I do think that in the end it all depends on our hearts, though. That’s no small thing. If we are rebellious in some way that is showing up in our hearts (truth be told, we usually have some sort of that in our hearts cuz the natural man/woman is a beast to overcome). If we are truly doing our best, the atonement can take care of the rest.

  10. mary b says:

    Caroline wrote: “I’ve come across a couple of people who have referred to my approach to religion as ‘cafeteria style’ or ‘belief buffet.'”

    But if they do that, then they are creating a separation or distinction between you and themselves and it may be construed as a slightly demeaning one, as those phrases are often used to refer to a less perfect manner of living one’s religion.

    SO…if that is the case, do they not, in that process, in fact become buffet grazers themselves, choosing to skip over the admonition of Christ to his believing disciples, “if ye are not one, ye are not mine.” or Paul’s admonishment to the Ephesians to stop making their differing interpretations of religious life a “middle wall of partition” among them?

    Ironic, isn’t it?

    We all buffet graze. Some knowingly. Others unknowingly. We just see it better in others than we do in ourselves.

    This whole phenomenon keeps me constantly in the process of repentance.

  11. Anonymous says:

    Has Starbucks had an influence on your LDS community?
    Everything said here is relative as is each indiviual differs from another. Same principles, different practices.

  12. Tanya Sue says:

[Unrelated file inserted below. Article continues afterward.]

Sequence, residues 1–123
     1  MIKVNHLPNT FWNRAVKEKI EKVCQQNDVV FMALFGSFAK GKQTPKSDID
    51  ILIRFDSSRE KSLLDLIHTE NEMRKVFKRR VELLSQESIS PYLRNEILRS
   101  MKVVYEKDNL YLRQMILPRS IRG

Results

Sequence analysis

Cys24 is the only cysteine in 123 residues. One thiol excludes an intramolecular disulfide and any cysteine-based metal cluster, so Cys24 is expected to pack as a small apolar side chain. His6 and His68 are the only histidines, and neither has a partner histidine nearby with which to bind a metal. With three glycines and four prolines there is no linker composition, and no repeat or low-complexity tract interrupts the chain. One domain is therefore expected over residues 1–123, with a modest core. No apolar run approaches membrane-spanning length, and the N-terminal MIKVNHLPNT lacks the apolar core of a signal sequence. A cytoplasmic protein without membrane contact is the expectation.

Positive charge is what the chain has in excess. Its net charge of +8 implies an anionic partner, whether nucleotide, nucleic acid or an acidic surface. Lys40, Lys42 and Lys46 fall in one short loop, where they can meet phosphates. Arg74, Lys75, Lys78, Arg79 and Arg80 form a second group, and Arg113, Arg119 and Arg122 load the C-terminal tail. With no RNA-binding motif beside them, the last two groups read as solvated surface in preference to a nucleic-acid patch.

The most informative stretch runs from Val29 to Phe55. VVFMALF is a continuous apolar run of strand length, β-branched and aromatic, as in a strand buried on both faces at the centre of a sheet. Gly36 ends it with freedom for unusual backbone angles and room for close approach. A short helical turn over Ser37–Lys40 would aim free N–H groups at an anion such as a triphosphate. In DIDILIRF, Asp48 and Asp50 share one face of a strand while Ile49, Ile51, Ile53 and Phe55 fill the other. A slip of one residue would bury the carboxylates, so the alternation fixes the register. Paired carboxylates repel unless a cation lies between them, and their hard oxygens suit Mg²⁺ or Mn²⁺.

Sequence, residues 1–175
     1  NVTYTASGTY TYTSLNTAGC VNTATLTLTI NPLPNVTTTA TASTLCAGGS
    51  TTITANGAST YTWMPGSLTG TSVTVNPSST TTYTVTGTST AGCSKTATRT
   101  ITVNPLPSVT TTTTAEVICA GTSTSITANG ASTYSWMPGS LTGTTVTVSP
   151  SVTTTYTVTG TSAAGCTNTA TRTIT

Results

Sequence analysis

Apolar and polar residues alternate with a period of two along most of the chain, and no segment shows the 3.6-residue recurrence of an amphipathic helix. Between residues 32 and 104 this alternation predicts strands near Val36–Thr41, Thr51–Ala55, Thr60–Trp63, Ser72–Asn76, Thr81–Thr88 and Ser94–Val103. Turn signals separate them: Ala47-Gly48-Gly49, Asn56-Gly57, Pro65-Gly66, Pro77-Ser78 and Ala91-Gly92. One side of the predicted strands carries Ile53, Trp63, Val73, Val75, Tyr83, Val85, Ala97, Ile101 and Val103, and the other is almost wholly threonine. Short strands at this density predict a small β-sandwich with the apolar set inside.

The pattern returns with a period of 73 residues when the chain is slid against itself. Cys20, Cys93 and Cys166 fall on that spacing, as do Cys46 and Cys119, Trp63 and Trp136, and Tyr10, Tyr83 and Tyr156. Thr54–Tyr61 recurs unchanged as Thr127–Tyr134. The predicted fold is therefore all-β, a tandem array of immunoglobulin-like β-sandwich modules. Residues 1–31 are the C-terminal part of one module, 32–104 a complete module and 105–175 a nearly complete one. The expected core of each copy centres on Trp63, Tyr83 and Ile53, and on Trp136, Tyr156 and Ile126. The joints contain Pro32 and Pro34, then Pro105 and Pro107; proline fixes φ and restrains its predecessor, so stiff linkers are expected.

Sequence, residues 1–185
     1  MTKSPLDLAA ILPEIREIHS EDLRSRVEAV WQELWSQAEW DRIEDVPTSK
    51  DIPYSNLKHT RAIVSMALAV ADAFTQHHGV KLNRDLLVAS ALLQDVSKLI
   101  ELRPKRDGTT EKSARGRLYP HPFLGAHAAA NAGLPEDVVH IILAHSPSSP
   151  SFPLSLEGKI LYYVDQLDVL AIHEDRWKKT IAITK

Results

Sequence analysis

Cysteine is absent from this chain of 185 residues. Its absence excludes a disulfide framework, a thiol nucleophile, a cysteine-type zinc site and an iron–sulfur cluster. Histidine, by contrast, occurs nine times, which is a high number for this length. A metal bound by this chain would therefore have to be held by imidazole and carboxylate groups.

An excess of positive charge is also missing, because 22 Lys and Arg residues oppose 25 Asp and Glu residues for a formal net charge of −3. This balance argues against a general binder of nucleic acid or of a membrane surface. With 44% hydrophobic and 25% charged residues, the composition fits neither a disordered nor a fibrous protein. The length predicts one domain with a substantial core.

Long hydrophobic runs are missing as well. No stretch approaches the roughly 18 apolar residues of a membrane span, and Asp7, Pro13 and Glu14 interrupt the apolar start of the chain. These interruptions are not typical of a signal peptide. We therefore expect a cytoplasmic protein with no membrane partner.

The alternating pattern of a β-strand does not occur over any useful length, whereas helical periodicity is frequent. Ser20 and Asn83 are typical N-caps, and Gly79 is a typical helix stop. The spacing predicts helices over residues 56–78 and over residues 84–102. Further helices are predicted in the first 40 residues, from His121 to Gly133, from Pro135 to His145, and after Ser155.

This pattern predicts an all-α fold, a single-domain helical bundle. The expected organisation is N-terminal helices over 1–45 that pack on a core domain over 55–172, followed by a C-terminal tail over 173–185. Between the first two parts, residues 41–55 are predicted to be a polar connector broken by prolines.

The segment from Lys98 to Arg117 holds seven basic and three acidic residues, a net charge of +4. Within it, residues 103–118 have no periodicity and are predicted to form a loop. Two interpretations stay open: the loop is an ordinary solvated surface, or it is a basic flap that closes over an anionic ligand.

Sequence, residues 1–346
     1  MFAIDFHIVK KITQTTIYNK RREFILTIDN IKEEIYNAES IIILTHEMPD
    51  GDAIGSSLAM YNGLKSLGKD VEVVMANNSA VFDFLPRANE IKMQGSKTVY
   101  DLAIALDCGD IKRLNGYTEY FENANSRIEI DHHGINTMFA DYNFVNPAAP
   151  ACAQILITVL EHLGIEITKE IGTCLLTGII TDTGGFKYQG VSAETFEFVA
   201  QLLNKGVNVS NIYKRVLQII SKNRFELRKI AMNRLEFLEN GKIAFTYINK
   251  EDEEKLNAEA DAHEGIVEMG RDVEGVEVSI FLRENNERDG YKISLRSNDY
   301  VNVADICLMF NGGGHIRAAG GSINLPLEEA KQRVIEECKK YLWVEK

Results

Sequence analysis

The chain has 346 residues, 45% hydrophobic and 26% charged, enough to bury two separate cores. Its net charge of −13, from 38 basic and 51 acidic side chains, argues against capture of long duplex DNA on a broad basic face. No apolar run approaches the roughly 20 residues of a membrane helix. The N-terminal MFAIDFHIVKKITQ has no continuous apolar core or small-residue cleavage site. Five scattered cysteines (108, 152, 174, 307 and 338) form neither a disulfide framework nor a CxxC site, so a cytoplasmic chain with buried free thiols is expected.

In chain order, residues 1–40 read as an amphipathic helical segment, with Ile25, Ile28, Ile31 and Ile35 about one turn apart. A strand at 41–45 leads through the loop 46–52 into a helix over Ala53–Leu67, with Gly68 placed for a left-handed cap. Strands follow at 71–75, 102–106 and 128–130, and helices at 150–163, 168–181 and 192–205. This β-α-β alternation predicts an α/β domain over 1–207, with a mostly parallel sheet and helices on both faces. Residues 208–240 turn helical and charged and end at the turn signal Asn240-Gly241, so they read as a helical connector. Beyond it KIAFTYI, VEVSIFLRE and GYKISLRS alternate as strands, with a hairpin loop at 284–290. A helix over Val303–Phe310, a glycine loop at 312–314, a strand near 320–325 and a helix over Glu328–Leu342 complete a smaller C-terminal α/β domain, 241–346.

I agree that we all pick and choose. For example, when someone is harsh and judgemental about another’s life, they are completely forgetting that we are to be kind, compassionate and non-judging.

    We all have access to personal revelation for a reason. It is humanly IMPOSSIBLE to keep all of the commandments, if we don’t use our personal revelation to guide our lives why do we even have it?

    The church makes mistakes. It once said that no black man would ever have the priesthood and the only way they would get into the temple was as servants. We know that isn’t true, and it certainly isn’t taught any more. It was a mistake. What about how the Miracle of Forgiveness says that homosexuality is caused by selfishness and masturbation. If that was true most of us would be gay.

    My personal opinion is that in the end, when all things are said and done, there will be less concern about wearing garments than there will be about whether or not you helped the poor, fed the hungry and nurtured the sick. As a culture, not the gospel, we have forgotten that we don’t get to judge, we are to love and serve and that God’s opinion is all that matters.

  13. Janna says:

    I think it’s important to note that we are not talking about hypocrisy here. We are talking about deliberately not following or believing certain doctrine, commandments, practices, or traditions in the Mormon church because we have thoughtfully determined that we either do not believe them or do think that following them brings us closer to God.

    All of us exhibit some level of hypocrisy — we say we believe something, but do the opposite. I think that what Caroline is trying to bring to light here is that most us we purposefully choose not to do some things because of a foundation of disbelief in it.

  14. Lynnette says:

    Interesting discussion. This is a tough one for me. Because on the one hand, it seems to me that my religion should do more than confirm what I already believe, that it should push me, should force me to re-examine what I think. And my fear is that if I just pick and choose, and go with the beliefs I like, I’m failing to seriously engage my religion. If nothing else, even when I disagree with some teachings, I think I have to take them seriously.